Monday, April 26, 2010

In the beginning was the Word

Two recent conversations have reminded me that, while people are intrigued by my use of book pages as a substrate for painting, that material can be disconcerting for others. The first conversation happened when discussing possible materials for use in a drawing student’s final project. I mentioned book pages and she vigorously objected. She said that, having worked for a library, she had too much respect for books to tear the pages out. I assured her that, having worked for three libraries and a bookstore myself, I had no less respect for books.

The second conversation happened via email with a friend and collector. I was describing the recent 1821 German Bible I had acquired from a local used bookstore and noted that I was excited to start tearing the pages out. My friend has actually purchased some of my works on book pages, but assured me that his fundamentalist upbringing has so marked him that he felt he could never tear pages out of a Bible.

It actually took me some time to warm to the idea of removing pages from Bibles and hymnals—or any other books for that matter. I asked a couple artist friends about their use of Bible pages first. I then began experimenting with work on book pages by using books other than Bibles, and texts that I wasn’t planning to keep in my own library. Eventually, I began to use Bibles, hymnals, and other religious texts. I found these in used bookstores and at flea markets. These tend to be forgotten books that have no remaining connection to their original owners.

This German Bible is a good example. It is one of those old, large family Bibles in which people used to write births, deaths, and marriages—the kind that were passed down over generations. There are many things handwritten—in German—on the front pages. I can’t read any of it. It seems, to many people I know, that dismantling such a book, which must have a rich history, is a travesty. That is one way to look at it.

I see the re-use of this book within artworks in a different way. Yes, there are pressed flowers, prayer cards, and a lock of hair scattered between the pages. However, no one had a lasting connection with the people those items represented anymore, otherwise they would not have given the book away. The book is also somewhat unreadable. The pages are riddled with discolorations and foxing. When I use the pages for a painting they get a new life—they are resurrected.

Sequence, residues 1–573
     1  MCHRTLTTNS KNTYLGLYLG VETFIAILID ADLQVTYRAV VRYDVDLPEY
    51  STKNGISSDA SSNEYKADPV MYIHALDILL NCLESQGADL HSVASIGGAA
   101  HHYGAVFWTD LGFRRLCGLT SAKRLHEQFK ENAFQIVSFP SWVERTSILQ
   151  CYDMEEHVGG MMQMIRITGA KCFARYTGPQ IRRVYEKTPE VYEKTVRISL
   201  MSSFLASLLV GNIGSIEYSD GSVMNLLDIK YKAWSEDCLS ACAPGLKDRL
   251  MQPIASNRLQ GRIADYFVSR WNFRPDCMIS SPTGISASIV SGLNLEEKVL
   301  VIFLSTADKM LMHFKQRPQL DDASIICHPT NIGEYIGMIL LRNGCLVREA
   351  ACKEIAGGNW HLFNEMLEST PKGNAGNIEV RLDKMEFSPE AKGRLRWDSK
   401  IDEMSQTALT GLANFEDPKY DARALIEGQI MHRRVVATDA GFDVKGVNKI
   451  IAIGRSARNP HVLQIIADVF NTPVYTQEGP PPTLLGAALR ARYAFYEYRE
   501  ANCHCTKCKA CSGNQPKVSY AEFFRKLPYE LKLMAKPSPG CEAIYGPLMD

Not only does the text itself matter in the paintings, the connection with history is important. Since many of my works consider the lives of saints—canonized or otherwise—the continuity with those who have gone before us is essential. The quiet lives of the ordinary folks, unknown by the masses, are equally significant in the scope of things.

As an artist, I wish to invite viewers into my work in as many ways as I can. For some, it is the visual images themselves that draw a connection. For others, the existence of text within the works seems like an invitation to learn some deeper truth about the work that the image itself does not readily reveal. There is even a segment of viewers who, sensing the age of the book pages, feel a connection to a common history. These are all valid approaches. Feel free to pick whichever point of entry feels most logical. The work is multifaceted and open to several interpretations.

1 comment:

techne said...

i too use books as a material (or substrate), and often use bibles as well (especially the german and other foreign languages as they tend to be read as texture and 'bibleness'). i never really had much of an issue there - it's ink on paper and it's jesus who is the living word - but have had very interesting discussions with others who have had issues.

it would be interesting to discuss reactions with adherents of other religions and how they would feel about artists interacting with those texts (though i would probably avoid the q'uran)...